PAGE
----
The pacemaker region of the heart (SA node) exhibits a spontaneous depolarization that causes action potentials, resulting in the automatic beating of the heart. Electrical impulses are conducted by myocardial cells in the atria and are transmitted to the ventricles by specialized conducting tissue. Electrocardiogram waves correspond to the electrical events in the heart as follows: P wave (depolarization of the atria); QRS wave (depolarization of the ventricles); and T wave (repolarization of the ventricles).
The lungs of a fetus are collapsed, and blood is routed away from the pulmonary circulation by an opening in the interatrial septum called the foramen ovale (fig. 13.15) and by a connection between the pulmonary trunk and aorta called the ductus arteriosus (fig. 13.16). These shunts normally close after birth, but when they remain open (are patent), murmurs can result. Since blood usually goes from left to right through these shunts, the left ventricle still pumps blood that is high in oxygen. When other defects are present that increase the pressure in the right pump (as in the tetralogy of Fallot), however, a significant amount of oxygen-depleted blood from the right side of the heart may enter the left side. The mixture of oxygen-poor blood from the right side with oxygen-rich blood in the left side of the heart lowers the oxygen concentration of the blood ejected into the systemic circulation. Since blood low in oxygen imparts a bluish tinge to the skin, the baby may be born cyanotic (blue).
1. Using a drawing or flow chart, describe the sequence of events that occurs during the cardiac cycle. Indicate when atrial and ventricular filling occur and when atrial and ventricular contraction occur.
2. Describe how the pressure in the left ventricle and in the systemic arteries varies during the cardiac cycle.
3. Draw a figure to illustrate the pressure variations described in question no. 2, and indicate in your figure when the AV and semilunar valves close. Discuss the origin of the heart sounds.
4. Explain why blood usually flows from left to right through a septal defect. Under what conditions would a septal defect produce cyanosis?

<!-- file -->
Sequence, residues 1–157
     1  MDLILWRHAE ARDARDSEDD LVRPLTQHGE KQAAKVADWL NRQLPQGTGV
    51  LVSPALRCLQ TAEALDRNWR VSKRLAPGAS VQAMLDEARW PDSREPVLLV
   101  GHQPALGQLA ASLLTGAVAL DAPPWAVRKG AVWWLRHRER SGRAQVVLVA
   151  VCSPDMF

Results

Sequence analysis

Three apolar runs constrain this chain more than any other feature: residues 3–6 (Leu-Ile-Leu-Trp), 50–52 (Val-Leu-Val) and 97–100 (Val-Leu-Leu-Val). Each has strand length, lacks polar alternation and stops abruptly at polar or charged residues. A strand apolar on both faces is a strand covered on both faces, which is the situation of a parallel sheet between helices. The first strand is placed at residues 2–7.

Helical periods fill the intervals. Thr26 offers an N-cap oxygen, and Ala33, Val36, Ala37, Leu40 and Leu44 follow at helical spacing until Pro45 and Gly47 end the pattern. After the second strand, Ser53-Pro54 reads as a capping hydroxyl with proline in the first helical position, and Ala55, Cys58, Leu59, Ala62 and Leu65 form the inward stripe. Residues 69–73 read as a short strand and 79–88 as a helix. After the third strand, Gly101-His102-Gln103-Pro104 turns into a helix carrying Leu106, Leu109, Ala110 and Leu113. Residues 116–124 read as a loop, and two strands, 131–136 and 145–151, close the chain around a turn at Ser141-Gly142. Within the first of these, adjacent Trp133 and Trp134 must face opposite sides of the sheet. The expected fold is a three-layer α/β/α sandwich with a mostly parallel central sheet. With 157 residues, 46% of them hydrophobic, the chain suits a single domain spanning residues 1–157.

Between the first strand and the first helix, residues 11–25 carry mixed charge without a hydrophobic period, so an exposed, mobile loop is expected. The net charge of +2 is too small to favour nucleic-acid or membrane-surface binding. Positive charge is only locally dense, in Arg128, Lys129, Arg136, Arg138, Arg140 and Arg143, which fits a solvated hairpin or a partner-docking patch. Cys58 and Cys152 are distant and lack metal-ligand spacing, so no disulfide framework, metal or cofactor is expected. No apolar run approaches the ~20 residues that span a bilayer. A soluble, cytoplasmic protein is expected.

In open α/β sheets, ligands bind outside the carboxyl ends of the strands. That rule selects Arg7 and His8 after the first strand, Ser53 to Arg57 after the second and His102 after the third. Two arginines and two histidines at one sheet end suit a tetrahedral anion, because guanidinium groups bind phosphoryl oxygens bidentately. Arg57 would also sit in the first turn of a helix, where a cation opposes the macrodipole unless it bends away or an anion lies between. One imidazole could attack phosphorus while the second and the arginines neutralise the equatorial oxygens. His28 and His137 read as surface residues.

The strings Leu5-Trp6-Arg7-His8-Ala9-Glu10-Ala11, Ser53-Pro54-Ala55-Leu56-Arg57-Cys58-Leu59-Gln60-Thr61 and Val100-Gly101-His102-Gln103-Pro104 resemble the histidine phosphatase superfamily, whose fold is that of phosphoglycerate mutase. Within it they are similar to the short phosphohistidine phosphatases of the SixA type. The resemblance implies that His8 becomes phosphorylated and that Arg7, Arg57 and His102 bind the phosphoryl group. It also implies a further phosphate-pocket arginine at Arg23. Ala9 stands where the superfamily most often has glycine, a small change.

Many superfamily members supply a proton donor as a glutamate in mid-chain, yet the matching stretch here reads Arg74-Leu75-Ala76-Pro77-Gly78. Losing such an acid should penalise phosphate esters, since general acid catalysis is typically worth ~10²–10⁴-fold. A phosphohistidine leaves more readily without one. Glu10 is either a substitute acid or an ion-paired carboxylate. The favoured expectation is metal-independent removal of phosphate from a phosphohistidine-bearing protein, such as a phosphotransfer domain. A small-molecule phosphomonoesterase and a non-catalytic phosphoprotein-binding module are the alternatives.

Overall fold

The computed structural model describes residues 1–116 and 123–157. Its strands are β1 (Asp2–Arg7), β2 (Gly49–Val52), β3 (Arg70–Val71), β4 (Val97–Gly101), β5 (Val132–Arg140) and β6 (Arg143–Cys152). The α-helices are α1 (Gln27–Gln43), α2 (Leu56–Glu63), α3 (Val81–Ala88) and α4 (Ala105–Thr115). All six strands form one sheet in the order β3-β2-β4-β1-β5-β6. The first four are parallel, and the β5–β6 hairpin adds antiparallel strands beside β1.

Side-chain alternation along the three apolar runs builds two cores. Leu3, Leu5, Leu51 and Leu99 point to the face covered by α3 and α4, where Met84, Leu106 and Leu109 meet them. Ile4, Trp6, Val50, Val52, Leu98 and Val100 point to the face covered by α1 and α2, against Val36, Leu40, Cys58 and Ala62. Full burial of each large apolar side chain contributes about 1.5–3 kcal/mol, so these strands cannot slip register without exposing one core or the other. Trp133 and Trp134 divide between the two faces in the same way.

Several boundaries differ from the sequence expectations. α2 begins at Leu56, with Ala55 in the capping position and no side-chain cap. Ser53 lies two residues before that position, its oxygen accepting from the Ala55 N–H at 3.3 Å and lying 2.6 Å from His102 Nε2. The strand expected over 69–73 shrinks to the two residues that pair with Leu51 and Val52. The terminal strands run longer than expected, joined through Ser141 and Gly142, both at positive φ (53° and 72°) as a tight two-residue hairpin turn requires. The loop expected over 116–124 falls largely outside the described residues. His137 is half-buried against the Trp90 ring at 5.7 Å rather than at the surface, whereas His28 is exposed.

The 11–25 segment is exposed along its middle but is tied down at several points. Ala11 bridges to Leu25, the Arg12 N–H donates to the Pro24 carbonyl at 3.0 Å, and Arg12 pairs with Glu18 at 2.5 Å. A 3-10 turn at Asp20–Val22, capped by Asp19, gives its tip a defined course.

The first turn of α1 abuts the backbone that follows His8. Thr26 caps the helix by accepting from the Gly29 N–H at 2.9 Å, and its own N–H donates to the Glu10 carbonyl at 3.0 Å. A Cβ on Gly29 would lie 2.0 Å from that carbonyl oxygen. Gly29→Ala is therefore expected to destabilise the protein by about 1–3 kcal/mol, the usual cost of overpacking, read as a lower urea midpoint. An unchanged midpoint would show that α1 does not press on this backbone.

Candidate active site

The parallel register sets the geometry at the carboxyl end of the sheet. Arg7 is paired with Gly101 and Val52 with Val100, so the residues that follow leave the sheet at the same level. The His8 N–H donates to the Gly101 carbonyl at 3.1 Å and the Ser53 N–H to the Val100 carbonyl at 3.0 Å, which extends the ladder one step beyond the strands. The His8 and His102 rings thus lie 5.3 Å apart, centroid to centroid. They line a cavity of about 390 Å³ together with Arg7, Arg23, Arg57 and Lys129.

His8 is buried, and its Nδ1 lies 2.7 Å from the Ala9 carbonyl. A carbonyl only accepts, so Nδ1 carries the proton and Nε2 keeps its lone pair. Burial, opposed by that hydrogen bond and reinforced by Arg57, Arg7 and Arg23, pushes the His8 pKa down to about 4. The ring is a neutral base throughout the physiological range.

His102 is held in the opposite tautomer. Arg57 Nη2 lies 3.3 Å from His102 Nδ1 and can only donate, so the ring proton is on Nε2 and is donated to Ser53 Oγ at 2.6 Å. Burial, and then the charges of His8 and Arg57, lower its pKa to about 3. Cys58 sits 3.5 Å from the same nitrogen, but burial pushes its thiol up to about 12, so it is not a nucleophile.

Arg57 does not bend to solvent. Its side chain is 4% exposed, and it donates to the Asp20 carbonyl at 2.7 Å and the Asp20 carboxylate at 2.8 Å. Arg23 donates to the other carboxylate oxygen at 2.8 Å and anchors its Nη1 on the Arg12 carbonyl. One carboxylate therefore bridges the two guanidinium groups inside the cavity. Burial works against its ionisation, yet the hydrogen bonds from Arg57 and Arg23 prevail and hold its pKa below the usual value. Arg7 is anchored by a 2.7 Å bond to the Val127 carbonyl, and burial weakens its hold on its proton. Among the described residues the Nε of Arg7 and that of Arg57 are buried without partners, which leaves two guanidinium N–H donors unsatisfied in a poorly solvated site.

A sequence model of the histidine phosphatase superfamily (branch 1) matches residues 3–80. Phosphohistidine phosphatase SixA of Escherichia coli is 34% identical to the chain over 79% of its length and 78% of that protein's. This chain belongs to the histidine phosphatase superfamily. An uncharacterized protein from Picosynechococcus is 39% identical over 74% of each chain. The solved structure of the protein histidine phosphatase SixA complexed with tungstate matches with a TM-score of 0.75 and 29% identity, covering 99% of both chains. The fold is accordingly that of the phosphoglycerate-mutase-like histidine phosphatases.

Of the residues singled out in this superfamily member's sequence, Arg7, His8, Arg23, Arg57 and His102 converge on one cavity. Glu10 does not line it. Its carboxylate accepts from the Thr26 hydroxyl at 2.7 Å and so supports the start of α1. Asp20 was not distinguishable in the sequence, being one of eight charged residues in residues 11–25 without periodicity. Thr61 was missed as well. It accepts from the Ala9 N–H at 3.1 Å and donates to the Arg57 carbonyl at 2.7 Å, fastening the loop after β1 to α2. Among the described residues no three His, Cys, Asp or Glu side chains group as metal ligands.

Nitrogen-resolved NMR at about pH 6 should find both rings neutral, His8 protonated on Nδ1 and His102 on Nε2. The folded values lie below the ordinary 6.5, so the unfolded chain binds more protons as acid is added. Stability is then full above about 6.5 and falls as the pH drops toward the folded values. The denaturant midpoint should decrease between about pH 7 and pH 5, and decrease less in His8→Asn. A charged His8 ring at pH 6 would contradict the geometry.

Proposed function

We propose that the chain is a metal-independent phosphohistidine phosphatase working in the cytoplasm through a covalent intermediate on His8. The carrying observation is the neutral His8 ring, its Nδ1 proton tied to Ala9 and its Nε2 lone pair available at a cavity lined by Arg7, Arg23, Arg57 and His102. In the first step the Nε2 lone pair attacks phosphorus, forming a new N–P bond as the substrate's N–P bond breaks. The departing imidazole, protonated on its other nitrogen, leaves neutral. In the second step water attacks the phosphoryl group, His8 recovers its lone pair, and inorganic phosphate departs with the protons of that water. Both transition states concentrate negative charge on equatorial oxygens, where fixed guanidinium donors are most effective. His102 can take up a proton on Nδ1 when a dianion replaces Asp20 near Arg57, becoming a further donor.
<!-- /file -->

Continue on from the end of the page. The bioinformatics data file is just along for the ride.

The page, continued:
Septal defect in atria
Septal defect in ventricles
Septal defect in atria
Figure 13.15 Abnormal patterns of blood flow due to septal defects. Left-to-right shunting of blood is shown (circled areas) because the left pump is at a higher pressure than the right pump. Under certain conditions, however, the pressure in the right atrium may exceed that of the left, causing right-to-left shunting of blood through a septal defect in the atria (patent foramen ovale). (RA = right atrium; RV = right ventricle; LV = left ventricle; AO = aorta; PA = pulmonary arteries.)
■ Figure 13.16 The flow of blood through a patent (open) ductus arteriosus. The ductus is normally open in a fetus but closes after birth, eventually becoming the ligamentum arteriosum. (AO = aorta; PA = pulmonary arteries.)
As described in chapter 12, myocardial cells are short, branched, and interconnected by gap junctions. Gap junctions function as electrical synapses, and have been described in chapter 7 (see fig. 7.19) and chapter 12 (see fig. 12.31). The entire mass of cells interconnected by gap junctions is known as a myocardium. A myocardium is a single functioning unit, or functional syncitium, since action potentials that originate in any cell in the mass can be transmitted to all the other cells. The my-ocardia of the atria and ventricles are separated from each other by the fibrous skeleton of the heart, as previously described. Since impulses normally originate in the atria, the atrial myocardium is excited before that of the ventricles.
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Once your pregnancy is over and done with, your baby is happily in your arms, and youre headed back home from the hospital, youll begin to realize that things have only just begun. Over the next few days, weeks, and months, youre going to increasingly notice that your entire life has changed in more ways than you could ever imagine.